Representing the creative future

Fashioning Death: Victorian Mourning Dress

How did black become the colour of death and what is the history behind mourning wear?

Jan 18, 2021

How Alexandra Armata unpicked her Polish heritage with her MA collection

She explored the utilitarian wardrobe of Soviet Poland, the impact of politics on dress and the contrast towards today’s hyperconsumption

January Playlist: Online learning edition

Our new year’s resolution is to deliver a playlist every month, here is the first one!

Jan 13, 2021

i-D’s founders Terry and Tricia Jones talk about their story

A young couple with a desire to make a great publication - four decades on

Jan 12, 2021

Masha Popova flies solo

The recent fashion design graduate found success online and rejected the post-grad job route

Overlooked fashion icon: Albert Einstein

The most iconic outfits of the should-be menswear fashion muse that is Albert Einstein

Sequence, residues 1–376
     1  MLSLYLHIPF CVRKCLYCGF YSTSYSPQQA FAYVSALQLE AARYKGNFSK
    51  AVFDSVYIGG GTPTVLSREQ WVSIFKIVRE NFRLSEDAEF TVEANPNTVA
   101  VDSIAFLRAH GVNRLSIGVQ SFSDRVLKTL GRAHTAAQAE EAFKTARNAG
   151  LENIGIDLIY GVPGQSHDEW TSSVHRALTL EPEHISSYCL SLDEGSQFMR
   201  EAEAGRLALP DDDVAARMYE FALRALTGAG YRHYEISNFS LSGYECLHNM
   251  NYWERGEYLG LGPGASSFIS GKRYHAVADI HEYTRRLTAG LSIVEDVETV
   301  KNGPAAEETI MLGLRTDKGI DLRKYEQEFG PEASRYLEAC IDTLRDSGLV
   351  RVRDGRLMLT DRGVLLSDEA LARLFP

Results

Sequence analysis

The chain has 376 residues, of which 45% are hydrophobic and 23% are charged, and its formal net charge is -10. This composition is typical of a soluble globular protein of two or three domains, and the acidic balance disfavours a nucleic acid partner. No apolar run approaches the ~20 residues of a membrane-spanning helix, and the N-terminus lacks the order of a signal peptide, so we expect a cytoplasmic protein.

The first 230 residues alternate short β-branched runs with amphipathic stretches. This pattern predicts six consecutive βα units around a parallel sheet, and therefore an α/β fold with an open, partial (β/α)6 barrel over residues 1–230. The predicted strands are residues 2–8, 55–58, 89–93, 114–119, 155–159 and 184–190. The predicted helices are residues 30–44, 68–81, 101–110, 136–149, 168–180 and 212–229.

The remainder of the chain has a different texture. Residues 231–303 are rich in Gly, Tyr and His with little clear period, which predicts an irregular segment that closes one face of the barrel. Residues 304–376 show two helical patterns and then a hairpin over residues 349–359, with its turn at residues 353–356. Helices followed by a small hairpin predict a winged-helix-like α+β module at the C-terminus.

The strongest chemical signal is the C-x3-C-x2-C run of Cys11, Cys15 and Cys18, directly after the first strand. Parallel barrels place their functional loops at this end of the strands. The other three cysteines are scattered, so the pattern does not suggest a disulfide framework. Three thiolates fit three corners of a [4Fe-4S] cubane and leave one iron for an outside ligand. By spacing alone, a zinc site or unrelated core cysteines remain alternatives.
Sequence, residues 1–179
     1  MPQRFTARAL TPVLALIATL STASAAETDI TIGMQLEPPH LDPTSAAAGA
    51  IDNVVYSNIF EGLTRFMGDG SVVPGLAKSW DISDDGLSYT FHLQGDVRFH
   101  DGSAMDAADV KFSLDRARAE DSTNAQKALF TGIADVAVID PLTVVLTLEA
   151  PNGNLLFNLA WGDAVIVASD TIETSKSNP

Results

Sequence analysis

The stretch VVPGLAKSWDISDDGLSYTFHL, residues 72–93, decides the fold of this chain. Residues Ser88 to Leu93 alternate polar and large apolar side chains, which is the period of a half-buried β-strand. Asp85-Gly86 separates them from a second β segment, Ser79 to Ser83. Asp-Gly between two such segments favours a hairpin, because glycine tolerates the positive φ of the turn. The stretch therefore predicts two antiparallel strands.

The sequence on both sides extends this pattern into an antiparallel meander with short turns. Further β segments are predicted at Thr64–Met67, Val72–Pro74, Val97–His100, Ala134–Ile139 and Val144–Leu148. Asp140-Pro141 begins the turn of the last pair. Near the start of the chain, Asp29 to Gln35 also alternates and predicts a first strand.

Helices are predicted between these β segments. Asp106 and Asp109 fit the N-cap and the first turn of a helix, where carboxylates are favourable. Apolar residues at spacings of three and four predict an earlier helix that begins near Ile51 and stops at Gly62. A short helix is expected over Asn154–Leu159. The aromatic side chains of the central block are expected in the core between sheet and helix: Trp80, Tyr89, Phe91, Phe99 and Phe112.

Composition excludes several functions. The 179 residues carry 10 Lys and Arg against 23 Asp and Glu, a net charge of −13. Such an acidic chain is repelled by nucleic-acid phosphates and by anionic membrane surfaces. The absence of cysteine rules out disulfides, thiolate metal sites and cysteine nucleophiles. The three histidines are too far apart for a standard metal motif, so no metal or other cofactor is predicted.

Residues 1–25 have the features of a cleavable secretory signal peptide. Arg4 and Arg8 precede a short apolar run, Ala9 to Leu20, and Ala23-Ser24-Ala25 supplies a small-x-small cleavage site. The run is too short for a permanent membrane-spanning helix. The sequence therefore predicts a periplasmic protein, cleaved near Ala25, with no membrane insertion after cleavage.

Jan 11, 2021

Cornelia Borgerhoff gave Ivy League Style An Update

Raised in a predominantly white neighbourhood in Philadelphia, menswear designer Cornelia Borgerhoff explores what it means to be white when you’re not with a collection full of contemporary prep-school looks.

The wild creativity of the Ukrainian folk Christmas holiday Malanka

Folklore Christmas costumes as documented by 3 creatives

Jan 7, 2021

Mahoro Seward

Mahoro Seward: “Fashion is the most immediate symptom of culture”

i-D’s staff writer & 1 Granary’s former editor on how literature got him into fashion

Jan 7, 2021

A love letter to Mariano Fortuny's Delphos Gown

A celebration of the finely pleated Delphos gown and the enigmatic figure behind its creation

Jan 6, 2021

Alex Wolfe on chairmen and playful masculinity

Alex Wolfe’s graduate collection, titled ‘The Boredroom,’ challenges traditional menswear codes, expressing playfulness and sensuality

1 Granary

Magazine Issue 6

With unprecedented honesty and depth, 1 Granary Issue 6 dives into the work and lives of fashion designers today. As a response to the construction of desire and personality cults that govern our industry, the magazine steps away from the conventional profiles and editorials, focussing instead on raw work and anonymous, unfiltered testimonies. For the first time ever, readers are given a truthful insight into the process, dreams, fears, hardships, and struggles of today’s creatives.

Buy Now